There are a lot of posts on social media these days about the power of happiness. Happiness is today’s key to prosperity, health, love – all that is to be strived for in this life. I have nothing against happiness. Being happy is pleasant, but personally I am a huge fan of peace, above all else.
I love silence. There is nothing as soothing and spiritual and beautiful as silence. Peace exists in silence.
I love the infinite depth of peace, that feeling of absolute immortality.
I love the security of peace. I cherish opportunities to spend peaceful, happy, quality time with loved ones.
I love the kindness of peace. I love those moments that touch your heart with sweetness.
I love the simplicity of peace. I love how easy it is to focus and think and create when there is peace.
I love the strength and power of peace. I love the ability to rise above all challenges to the place where everything is natural and stress free.
Post Traumatic Stress Disorder. I know that in its worst form it destroys lives. I have struggled to deal with anxiety issues throughout my life and a lot of them are much improved. It is only recently – last December actually – that I realized that my worst anxiety issues now are a result of a mild form of PTSD.
The month of December has been difficult for me since 1993. That is the year my father passed away on December 17th. I was very close to him and it broke my heart, which would be expected. But it was so much more than that. My father had been dealing with cancer of the sinuses for five years – it was a horrid ordeal. Despite working and raising three pre-teen to teenage children at the time, I did everything I could to help my parents through these years. I was the youngest of the family, I was living the closest to my parents, and much of my dad’s medical attention and treatment was done in Regina, where I live. I have five other siblings, all of who did everything they could for our parents, but a lot of it fell on me. It was incredibly hard.
But, there was so much more. I was married to my first husband at the time. The first eleven years of my first marriage were dysfunctional. The last seven years were violent, abusive and traumatizing for me and our children. There was seldom a day when there was not a violent or hateful outburst. To say that he was not supportive of what I was dealing with was an understatement. I had decided that I had to remove my children and myself from the situation a couple of weeks before my father’s diagnosis. After that, I felt compelled to stay until he was gone. My husband felt compelled to take advantage of the situation and make our lives a living hell.
Five months after my father passed away, I told my husband I was done. A few weeks later we moved out.
I was worn out. We moved into a small three bedroom basement apartment. I slept in our kitchen/livingroom so the kids could each have their own bedroom. I worked eighty hours a week and spent the rest of my working hours being a full-time home maker. It sounds rough, but we were really happy and starting to heal. Things got better, we got a better car, we moved to a nice little duplex. I met my current husband and my kids grew up, moved out and started their own families. Life still has its ups and downs but I am okay.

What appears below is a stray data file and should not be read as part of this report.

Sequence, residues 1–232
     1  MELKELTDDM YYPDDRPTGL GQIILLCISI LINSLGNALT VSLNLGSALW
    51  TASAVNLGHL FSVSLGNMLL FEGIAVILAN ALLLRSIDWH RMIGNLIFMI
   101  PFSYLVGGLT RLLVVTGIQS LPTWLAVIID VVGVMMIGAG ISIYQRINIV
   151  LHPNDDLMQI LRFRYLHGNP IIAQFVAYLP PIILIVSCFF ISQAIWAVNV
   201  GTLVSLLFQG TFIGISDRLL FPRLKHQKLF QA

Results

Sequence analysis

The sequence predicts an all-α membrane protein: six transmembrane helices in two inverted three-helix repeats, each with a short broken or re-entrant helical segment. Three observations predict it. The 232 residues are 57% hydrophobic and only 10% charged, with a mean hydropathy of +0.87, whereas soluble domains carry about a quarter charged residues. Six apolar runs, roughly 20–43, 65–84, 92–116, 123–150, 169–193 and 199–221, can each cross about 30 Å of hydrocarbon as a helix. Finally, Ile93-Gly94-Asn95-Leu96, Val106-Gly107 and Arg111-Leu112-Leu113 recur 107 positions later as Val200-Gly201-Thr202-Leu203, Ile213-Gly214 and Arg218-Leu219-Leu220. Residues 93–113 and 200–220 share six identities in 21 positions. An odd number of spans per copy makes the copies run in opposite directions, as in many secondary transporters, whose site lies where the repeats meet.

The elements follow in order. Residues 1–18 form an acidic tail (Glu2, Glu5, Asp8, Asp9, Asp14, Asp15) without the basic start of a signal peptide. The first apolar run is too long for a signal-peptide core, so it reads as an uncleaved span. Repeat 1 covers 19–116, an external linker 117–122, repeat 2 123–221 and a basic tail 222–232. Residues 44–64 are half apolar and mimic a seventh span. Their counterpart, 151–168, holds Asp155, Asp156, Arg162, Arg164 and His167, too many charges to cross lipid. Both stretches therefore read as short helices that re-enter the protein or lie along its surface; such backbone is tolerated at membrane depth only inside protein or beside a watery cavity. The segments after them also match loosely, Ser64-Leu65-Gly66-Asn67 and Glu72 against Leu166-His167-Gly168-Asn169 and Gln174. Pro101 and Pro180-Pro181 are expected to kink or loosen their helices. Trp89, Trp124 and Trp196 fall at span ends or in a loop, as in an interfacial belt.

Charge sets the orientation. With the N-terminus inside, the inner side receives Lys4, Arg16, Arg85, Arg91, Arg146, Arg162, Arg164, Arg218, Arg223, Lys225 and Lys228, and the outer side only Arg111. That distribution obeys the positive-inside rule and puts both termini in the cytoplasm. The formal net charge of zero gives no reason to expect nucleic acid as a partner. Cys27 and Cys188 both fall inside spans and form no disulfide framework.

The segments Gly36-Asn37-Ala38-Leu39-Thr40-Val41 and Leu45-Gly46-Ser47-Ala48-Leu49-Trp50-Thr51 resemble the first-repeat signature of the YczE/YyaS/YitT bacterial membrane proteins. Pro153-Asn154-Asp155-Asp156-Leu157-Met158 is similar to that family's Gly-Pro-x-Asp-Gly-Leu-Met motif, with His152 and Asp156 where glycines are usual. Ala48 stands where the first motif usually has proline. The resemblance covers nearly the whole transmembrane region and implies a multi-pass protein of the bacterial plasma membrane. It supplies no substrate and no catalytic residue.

And then there is another December. The decorations go up, the carols start playing and my heart breaks. This week we had an incident at work. One of my co-workers had a violent outburst. He slammed through the shop, swearing, kicking things, having a man size tantrum. I have been shaking ever since.
The thing is, it’s okay. I get that my physical and emotional and mental reactions are about my past, not my present. I know I am in a safe place now. I also know I am stronger for having been through my past. In December, I have a really deep compassion for those who are dealing with the loss of a loved one or any of the other heartbreaks that are worse in December. When I see someone being a bully, having a man size tantrum, I am reminded how very fortunate I am to be with my with my current husband. I have the courage to stand up for those who are being bullied and I am proud that my sons and my daughter do as well.
As difficult as these episodes of PTSD are, I know they make me a better person. As long as good can come out of the worst times of my life, I am okay with that.
My parents were both born into large families. My father had twenty siblings and my mother had nine. By the time I was born, both families had scattered across the country, but they kept in touch. They would visit back and forth, celebrate holidays together and have family gatherings They were there for each other during good times and bad – always.
My parents had five daughters and one son. I was the youngest. From the time I can remember, my two oldest sisters were married and living away from home. My brother was ten years older than I, so he was in highschool when I was starting grade one. Regardless, I always knew all of my family. The older siblings would come home with their famlies to visit and we would go to visit them. I saw them regularly. Once we were all grown up, we were widespread, but we kept in touch and got together. We would gather on a regular basis. We all spent time with our parents and they would come to spend time with us. As our parents aged, and their health failed, we were there to support them, and each other. To this day, we keep in touch via social media, we call, we visit. We were, and we still are, family.